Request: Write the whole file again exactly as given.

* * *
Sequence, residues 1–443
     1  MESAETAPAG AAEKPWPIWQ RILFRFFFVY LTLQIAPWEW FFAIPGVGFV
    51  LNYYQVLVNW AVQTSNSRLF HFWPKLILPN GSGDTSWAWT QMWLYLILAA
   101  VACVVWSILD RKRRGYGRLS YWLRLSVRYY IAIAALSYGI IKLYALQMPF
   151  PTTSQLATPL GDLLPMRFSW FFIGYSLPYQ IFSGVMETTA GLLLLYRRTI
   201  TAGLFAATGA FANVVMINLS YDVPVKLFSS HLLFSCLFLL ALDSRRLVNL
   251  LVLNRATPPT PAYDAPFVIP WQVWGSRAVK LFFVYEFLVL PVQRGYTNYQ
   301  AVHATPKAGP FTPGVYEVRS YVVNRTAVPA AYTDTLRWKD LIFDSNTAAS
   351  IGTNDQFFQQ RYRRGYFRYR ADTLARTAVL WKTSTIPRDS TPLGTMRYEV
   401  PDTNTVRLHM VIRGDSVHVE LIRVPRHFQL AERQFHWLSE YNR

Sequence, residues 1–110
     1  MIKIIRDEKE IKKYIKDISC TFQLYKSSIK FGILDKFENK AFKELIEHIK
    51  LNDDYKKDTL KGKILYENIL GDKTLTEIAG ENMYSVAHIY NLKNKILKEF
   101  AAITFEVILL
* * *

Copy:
Sequence, residues 1–443
     1  MESAETAPAG AAEKPWPIWQ RILFRFFFVY LTLQIAPWEW FFAIPGVGFV
    51  LNYYQVLVNW AVQTSNSRLF HFWPKLILPN GSGDTSWAWT QMWLYLILAA
   101  VACVVWSILD RKRRGYGRLS YWLRLSVRYY IAIAALSYGI IKLYALQMPF
   151  PTTSQLATPL GDLLPMRFSW FFIGYSLPYQ IFSGVMETTA GLLLLYRRTI
   201  TAGLFAATGA FANVVMINLS YDVPVKLFSS HLLFSCLFLL ALDSRRLVNL
   251  LVLNRATPPT PAYDAPFVIP WQVWGSRAVK LFFVYEFLVL PVQRGYTNYQ
   301  AVHATPKAGP FTPGVYEVRS YVVNRTAVPA AYTDTLRWKD LIFDSNTAAS
   351  IGTNDQFFQQ RYRRGYFRYR ADTLARTAVL WKTSTIPRDS TPLGTMRYEV
   401  PDTNTVRLHM VIRGDSVHVE LIRVPRHFQL AERQFHWLSE YNR

Sequence, residues 1–110
     1  MIKIIRDEKE IKKYIKDISC TFQLYKSSIK FGILDKFENK AFKELIEHIK
    51  LNDDYKKDTL KGKILYENIL GDKTLTEIAG ENMYSVAHIY NLKNKILKEF
   101  AAITFEVILL